Wild mushrooms poisonings in France prompt warning
Posted in: Uncategorized
on: November 21
Almost 250 cases of poisonings due to wild mushroom consumption have been reported in France in the past few weeks.
From July to mid-October this year, poison control centers recorded between five and 60 cases a week but 249 poisoning cases have been recorded in recent weeks.
Seven serious cases have been noted since July 2018 and four of them were in the past few weeks.
Poisonings due to eating wild mushrooms in France are reported to the French Poison Control and Monitoring Centers (CAP-TVs).
The sharp increase prompted the French Agency for Food, Environmental and Occupational Health and Safety (ANSES) and the Directorate General for Health (DGS) to issue a warning to wild mushroom gatherers and remind them of good practices.
Although weather conditions in September and the first half of October with dry, high temperatures were not conducive to the growth of wild mushrooms, the cooler and wetter conditions of recent weeks have been more favorable, said the agencies.
ANSES and the DGS said the poisoning cases are regularly observed year after year and in most cases, poisonings result from confusion with other edible mushrooms.
Last year, 181 poisoning cases, with five of a serious nature, were recorded in two weeks of September. In 2016, 87 cases, including three serious, were recorded in October.
Poisoning can have serious health consequences such as severe digestive disorders, liver damage that may require a transplant and can be fatal. Symptoms generally appear within 12 hours of consumption and the patient’s condition may deteriorate rapidly. In the event of symptoms, it is useful to note the time of the last meal and onset of the first symptoms and to keep any leftovers from the harvest for identification.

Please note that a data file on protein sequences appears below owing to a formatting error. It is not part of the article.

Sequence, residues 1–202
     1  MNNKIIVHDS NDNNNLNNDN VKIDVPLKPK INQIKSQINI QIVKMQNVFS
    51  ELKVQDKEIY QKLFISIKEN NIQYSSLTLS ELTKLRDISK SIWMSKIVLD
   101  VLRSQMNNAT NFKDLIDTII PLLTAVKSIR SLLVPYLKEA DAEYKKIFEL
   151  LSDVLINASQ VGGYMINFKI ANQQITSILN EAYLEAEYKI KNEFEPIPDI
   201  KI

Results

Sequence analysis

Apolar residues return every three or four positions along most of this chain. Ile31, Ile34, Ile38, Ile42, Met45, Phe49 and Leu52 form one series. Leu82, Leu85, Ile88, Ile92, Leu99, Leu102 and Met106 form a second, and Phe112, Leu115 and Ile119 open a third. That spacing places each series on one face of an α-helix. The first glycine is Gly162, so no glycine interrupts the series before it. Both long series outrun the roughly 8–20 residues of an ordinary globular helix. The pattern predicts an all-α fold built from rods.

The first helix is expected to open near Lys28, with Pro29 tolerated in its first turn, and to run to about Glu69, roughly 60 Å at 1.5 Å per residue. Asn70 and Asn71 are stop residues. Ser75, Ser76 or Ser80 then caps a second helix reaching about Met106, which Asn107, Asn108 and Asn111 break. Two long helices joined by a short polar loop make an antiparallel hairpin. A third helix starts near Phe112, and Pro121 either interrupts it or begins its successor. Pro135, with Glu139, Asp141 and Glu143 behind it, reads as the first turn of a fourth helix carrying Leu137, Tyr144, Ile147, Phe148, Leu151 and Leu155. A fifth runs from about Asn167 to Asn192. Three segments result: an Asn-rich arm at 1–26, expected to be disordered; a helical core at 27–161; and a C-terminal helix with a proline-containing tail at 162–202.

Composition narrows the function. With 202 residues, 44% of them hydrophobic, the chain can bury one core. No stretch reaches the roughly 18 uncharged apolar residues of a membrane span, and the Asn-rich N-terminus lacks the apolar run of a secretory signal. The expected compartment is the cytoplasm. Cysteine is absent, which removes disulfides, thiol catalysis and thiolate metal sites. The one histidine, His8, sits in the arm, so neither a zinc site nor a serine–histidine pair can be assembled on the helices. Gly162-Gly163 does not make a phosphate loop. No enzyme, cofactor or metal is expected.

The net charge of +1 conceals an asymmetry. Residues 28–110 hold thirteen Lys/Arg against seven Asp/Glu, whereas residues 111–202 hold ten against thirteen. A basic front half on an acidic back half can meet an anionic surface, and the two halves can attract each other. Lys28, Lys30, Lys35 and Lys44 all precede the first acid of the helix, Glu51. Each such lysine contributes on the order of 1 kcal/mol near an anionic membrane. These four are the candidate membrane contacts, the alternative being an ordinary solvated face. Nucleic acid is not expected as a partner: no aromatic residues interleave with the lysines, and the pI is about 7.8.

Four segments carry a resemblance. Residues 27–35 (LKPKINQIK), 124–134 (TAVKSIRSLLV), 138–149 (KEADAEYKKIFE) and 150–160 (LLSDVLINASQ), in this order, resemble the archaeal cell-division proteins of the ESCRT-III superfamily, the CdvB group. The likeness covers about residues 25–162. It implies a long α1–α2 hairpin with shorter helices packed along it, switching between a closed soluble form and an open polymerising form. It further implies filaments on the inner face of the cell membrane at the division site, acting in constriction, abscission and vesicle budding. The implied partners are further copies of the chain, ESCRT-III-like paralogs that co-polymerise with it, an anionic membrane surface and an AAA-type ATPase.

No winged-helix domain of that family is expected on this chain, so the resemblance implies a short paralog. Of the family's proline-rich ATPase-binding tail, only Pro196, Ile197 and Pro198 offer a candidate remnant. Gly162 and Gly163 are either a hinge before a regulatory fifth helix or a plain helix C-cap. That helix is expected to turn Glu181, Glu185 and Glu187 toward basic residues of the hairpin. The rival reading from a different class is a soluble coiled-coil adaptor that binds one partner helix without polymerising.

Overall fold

The Centre Antipoisons in Belgium receives around 400 calls a year involving mushrooms with most between June and September. The foundation Tox Info Suisse identified almost 600 poisonings in Switzerland last year.
Mushroom poisoning worldwide
Earlier this year, more than 1,200 people fell sick, 112 were hospitalized and 19 died in Iran with a link to eating wild mushrooms.
New South Wales (NSW) Health warned against eating wild mushrooms in May after 38 poisoning hospitalizations this year, including 14 children, were reported to the NSW Poisons Information Centre. Between 2014 and 2017, there were 281 hospitalizations from mushroom poisoning in NSW and the Australian Capital Territory.
Last month, the Illinois Poison Center (IPC) also issued a warning about mushrooms.
While many types of toxic mushrooms can be found in Illinois, most are minimally to moderately toxic. In rare cases, they can be poisonous and require hospitalization.
“The Illinois Poison Center receives hundreds of calls each year about mushrooms found in lawns, neighborhood parks and forest preserves. Adults, and especially children, should be aware of the health risks associated with consuming wild mushrooms and what to do if they are ingested,” said Michael Wahl, medical director at the IPC.
One of the main concerns when consuming poisonous mushrooms is liver damage from those that contain amatoxin. Amatoxin-containing mushrooms may not produce symptoms until six to 24 hours after ingestion.
From the start of July to mid-August, 45 mushroom exposure cases (38 in humans) were managed by the medical experts at the New Jersey Poison Control Center.
Diane Calello, NJ Poison Control Center executive and medical director, said even experienced mushroom pickers can be fooled by toxic look-a-likes.
“Don’t be fooled – many edible mushrooms have toxic look-a-likes. The cooking process does not prevent the toxic health effects of some mushrooms. Depending on the type of mushroom, eating even a few bites can cause serious health concerns,” she said.
In December 2016, 14 cases of Amanita phalloides (also known as the “death cap”) poisoning were identified by the California Poison Control System (CPCS) among persons who had consumed foraged wild mushrooms. Three patients received liver transplants and while all recovered, a child had permanent neurologic impairment.
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